NIHR DC Discover

NIHR Signal Hospital admission rates and costs increase in line with BMI

Published on 20 March 2018

doi: 10.3310/signal-00575

Each 2kg/m2 rise in body mass index (BMI) above the normal-weight threshold in women aged 55-79 leads to a 5% rise in annual hospital admissions and 7% rise in healthcare costs. In England, £662 million of the annual hospital admission costs in 2013 could be attributed to overweight or obesity in women of this age group.  

This large study, partly funded by the NIHR, looked at over one million women participating in the NHS breast cancer screening programme. Five-year data on hospital admissions, diagnoses and costs were extrapolated to all women in this age group in England. Among findings, it shows that knee joint replacement surgery and diabetes rank high among obesity-related costs.

Considering this alongside costs of primary care, social services and lost productivity, the economic burden of excess weight becomes even more substantial.

This emphasises the urgent need for public health approaches to promote healthy lifestyle behaviour and prevent obesity.

Share your views on the research.

Why was this study needed?

The 2016 Health Survey for England showed that 27% of women were obese (BMI >30kg/m2) while 30% were overweight (BMI 25-30kg/m2). A similar proportion of men were obese (26%), but a greater number were overweight (40%). Only 58% of women and 66% of men were achieving recommended physical activity levels.

Obesity is associated with many chronic diseases, such as diabetes, and places a high demand on health and social care services. Obesity was recorded as a diagnosis for 525,000 hospital admissions in England in 2015/16 and was the main cause of admission for 9,929. Around two-thirds to three-quarters of these admissions were women.

The NHS in England spent £6.1 billion on overweight- and obesity-related illness in 2014/15. The cost to wider society is estimated at £27 billion per year. These costs are only set to rise unless obesity prevalence is reduced.

This study looked at the healthcare cost of increased BMI using data from a large cohort of older women.

What did this study do?

The Million Women Study recruited women aged 50-64 years taking part in the NHS breast screening programme between 1996 and 2001. At recruitment, they completed health and lifestyle questionnaires and self-reported height and weight. A total 1,093,866 women without prior cancer diagnosis were analysed in this study.

Women were linked by their NHS number to the Office for National Statistics and Hospital Episode Statistics. They looked at hospital admissions and day-case procedures, by diagnosis, between 2006 and 2011. Costs of these episodes were calculated using 2012 NHS reference data. This was analysed against BMI category, taking account of age, smoking, alcohol and various socioeconomic factors.

The study doesn’t look at medical care or prescription costs outside of hospital. Self-reported BMI is a limitation, but this has been shown to closely reflect direct measurement.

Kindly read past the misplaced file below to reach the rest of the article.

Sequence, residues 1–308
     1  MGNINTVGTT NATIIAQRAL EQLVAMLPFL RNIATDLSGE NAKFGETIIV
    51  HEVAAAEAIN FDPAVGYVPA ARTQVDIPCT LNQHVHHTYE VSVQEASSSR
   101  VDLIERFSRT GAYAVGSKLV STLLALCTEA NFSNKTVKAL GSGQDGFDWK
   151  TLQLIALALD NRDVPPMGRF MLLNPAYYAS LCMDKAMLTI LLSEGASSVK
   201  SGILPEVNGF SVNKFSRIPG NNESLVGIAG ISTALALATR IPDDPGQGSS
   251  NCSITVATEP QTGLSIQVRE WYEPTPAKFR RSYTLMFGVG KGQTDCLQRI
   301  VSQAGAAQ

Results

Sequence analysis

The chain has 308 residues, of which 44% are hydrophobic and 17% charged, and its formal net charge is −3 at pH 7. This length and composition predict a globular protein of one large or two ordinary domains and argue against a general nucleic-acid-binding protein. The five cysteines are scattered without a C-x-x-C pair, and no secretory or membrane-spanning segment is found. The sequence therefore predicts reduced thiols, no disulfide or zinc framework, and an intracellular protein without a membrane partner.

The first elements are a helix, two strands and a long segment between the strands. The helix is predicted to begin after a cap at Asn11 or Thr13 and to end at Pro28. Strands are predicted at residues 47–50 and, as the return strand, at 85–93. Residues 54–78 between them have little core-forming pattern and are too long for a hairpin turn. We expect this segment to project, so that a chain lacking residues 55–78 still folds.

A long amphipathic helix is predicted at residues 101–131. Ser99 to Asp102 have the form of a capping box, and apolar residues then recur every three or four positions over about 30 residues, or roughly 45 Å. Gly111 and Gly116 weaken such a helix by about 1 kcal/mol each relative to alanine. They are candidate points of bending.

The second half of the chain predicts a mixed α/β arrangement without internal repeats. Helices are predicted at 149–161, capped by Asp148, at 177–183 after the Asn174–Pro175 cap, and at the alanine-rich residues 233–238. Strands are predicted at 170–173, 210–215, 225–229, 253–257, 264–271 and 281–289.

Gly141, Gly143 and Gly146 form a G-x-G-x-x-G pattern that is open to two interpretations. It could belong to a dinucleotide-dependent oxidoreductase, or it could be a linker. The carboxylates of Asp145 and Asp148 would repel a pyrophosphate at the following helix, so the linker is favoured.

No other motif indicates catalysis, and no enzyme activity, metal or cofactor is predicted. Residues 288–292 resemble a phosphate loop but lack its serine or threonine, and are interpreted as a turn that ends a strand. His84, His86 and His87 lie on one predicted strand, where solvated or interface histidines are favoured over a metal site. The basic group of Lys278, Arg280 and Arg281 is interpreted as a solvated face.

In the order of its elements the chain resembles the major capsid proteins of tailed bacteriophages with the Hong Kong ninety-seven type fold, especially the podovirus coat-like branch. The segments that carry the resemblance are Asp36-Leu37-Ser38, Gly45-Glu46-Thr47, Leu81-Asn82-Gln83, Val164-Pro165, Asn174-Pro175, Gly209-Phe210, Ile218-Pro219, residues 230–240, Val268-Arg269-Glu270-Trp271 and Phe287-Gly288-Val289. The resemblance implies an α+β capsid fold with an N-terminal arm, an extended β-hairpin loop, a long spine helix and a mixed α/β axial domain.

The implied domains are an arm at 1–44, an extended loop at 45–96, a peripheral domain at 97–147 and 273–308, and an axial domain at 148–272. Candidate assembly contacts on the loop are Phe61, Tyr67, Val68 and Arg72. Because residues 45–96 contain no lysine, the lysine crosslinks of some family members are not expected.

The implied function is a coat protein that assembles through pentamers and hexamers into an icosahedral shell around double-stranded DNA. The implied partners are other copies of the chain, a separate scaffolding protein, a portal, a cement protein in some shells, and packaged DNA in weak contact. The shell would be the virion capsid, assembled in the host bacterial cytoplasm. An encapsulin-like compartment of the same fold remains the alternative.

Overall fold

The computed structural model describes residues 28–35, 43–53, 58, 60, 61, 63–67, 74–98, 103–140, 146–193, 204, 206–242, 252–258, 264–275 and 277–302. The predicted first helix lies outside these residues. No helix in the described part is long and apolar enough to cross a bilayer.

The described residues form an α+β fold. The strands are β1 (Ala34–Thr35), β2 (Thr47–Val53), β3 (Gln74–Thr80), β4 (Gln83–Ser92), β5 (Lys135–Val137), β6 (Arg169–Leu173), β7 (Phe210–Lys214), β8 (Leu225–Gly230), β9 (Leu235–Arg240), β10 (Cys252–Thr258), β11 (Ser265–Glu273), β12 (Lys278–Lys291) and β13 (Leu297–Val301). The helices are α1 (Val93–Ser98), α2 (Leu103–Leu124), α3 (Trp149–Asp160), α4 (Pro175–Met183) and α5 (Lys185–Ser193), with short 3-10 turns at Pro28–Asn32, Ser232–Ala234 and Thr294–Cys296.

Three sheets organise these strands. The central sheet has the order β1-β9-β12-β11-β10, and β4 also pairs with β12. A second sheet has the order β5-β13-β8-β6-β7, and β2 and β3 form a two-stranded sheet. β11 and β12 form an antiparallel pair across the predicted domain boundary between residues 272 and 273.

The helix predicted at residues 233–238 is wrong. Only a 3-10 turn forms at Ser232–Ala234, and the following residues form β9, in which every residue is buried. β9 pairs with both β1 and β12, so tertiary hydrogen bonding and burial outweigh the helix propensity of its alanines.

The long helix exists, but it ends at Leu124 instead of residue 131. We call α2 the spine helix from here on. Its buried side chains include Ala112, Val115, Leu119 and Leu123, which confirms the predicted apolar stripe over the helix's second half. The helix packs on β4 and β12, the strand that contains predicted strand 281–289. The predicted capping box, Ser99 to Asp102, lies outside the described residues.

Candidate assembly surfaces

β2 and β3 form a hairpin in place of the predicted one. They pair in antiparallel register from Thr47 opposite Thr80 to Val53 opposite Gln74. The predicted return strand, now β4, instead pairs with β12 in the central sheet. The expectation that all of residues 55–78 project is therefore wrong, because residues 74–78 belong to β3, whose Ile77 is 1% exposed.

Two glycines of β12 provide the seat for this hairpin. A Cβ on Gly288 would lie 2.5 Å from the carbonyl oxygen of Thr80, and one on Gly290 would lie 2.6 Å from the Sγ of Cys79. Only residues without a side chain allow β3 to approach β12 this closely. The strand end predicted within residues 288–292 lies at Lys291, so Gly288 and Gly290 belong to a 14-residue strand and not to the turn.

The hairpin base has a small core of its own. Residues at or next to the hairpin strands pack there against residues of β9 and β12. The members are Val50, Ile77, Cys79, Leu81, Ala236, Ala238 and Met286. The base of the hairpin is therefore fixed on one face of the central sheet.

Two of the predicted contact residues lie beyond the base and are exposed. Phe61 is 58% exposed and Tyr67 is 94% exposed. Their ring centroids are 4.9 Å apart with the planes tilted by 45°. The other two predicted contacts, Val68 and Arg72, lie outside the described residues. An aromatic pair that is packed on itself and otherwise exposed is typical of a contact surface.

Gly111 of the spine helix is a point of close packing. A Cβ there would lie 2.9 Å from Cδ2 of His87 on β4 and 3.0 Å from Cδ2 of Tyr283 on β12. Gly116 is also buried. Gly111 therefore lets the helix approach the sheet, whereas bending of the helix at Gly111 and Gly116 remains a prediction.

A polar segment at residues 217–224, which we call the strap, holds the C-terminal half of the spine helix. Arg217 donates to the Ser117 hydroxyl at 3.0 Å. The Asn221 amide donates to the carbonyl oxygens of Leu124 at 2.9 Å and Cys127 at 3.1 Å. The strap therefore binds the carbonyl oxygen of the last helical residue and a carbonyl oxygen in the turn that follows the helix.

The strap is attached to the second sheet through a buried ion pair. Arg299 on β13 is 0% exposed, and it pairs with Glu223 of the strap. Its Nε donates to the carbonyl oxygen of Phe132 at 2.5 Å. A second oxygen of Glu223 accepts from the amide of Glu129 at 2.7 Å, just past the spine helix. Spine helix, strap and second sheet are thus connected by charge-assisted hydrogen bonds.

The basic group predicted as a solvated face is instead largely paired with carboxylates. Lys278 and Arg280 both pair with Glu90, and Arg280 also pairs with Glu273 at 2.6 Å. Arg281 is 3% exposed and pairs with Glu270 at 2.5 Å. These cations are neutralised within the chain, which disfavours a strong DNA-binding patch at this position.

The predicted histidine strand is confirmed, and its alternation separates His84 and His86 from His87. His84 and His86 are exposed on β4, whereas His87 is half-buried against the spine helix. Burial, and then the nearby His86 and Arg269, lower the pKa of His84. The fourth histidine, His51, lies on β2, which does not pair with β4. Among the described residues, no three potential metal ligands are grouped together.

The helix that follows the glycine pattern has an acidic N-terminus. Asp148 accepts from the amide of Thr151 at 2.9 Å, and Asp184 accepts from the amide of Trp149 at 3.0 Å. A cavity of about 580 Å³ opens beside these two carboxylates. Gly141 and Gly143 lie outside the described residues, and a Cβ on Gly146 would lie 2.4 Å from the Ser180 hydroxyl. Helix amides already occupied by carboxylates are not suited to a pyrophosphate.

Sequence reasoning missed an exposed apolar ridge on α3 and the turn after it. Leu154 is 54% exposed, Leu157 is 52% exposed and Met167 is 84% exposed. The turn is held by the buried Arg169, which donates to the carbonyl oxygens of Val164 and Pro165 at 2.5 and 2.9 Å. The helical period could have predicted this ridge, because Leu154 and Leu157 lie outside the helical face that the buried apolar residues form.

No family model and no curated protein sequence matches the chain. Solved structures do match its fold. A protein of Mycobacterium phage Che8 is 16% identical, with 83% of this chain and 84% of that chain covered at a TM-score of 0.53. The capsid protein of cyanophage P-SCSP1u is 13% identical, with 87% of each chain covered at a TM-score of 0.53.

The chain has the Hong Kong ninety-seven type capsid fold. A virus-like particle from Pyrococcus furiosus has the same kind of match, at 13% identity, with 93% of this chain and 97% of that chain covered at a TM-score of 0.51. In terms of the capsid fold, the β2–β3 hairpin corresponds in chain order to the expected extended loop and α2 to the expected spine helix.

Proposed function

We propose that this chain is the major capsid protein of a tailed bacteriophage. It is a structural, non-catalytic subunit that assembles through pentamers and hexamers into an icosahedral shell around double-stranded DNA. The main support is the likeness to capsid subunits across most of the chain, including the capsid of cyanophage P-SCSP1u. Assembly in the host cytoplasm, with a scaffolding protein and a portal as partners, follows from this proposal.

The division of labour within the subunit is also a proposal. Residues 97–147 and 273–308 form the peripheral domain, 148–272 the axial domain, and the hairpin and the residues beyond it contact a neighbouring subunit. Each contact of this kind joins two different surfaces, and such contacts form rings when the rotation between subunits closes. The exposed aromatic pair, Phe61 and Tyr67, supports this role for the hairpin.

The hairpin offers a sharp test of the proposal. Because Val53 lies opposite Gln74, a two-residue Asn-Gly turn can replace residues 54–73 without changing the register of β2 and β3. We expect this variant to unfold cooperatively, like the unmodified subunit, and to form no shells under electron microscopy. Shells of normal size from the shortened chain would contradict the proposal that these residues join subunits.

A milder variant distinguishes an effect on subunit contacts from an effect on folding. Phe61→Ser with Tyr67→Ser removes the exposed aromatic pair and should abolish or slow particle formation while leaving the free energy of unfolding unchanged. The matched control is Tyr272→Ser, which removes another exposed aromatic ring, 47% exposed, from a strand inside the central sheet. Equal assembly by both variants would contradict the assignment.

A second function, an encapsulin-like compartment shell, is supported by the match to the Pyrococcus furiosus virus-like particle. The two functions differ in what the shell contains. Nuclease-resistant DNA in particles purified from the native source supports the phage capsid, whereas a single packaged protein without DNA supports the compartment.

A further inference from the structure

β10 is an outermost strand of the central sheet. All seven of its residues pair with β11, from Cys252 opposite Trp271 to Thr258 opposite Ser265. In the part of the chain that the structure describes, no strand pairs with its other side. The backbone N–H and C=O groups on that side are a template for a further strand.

What did it find?

  • There were 1.84 million hospital admissions during the five year study period.
  • Admission rates were lowest for women in the lower half of the normal weight spectrum (BMI 20-22.5kg/m2) at 321 per 1000 women per year, at an annual cost of £567 per woman. They were highest for severely obese women (BMI >40kg/m2) at 530 per 1,000 women per year and an annual cost of £1,220 per woman.
  • Each 2kg/m2 rise in BMI above 20kg/m2 was associated with a 5.0% rise in admissions (95% confidence interval [CI] 4.7 to 5.2) and 7.4% rise in annual cost (95% CI 7.1 to 7.6).
  • There were 6.6 million women aged 55-79 years in England in 2013. Applying these results suggested that excess weight accounted for £622 million (14.6%) of the total £4.5 billion hospital costs for this population in that year. Over a third of these costs (£258 million) related to musculoskeletal conditions, mostly joint replacement.
  • Further analysis suggested that diabetes may account for 39% of the total costs attributed to overweight and obesity.

What does current guidance say on this issue?

The NICE guideline on Obesity prevention emphasises the need for healthcare professionals, commissioners, employers, local and educational authorities to prioritise obesity prevention. Recommendations include local authorities providing cycling and walking routes, childcare facilities providing active play sessions, and schools and workplaces supporting healthy food choice and physical activity.

The NICE guideline Obesity: identification, assessment and management provides recommendations on obesity management. Multicomponent lifestyle interventions incorporating dietary, physical activity and behavioural components are central to care. Both assessment and management should take account of medical comorbidities.

What are the implications?

Increasing rates of overweight and obesity are a global health concern. This study confirms that hospital admission rates and costs increase proportionally with BMI.